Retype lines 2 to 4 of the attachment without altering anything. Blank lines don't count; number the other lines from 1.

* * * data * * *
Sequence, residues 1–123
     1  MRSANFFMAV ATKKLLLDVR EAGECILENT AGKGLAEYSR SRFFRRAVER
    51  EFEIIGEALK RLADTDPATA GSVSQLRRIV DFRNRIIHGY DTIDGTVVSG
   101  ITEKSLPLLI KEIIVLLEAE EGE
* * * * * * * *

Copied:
     1  MRSANFFMAV ATKKLLLDVR EAGECILENT AGKGLAEYSR SRFFRRAVER
    51  EFEIIGEALK RLADTDPATA GSVSQLRRIV DFRNRIIHGY DTIDGTVVSG
   101  ITEKSLPLLI KEIIVLLEAE EGE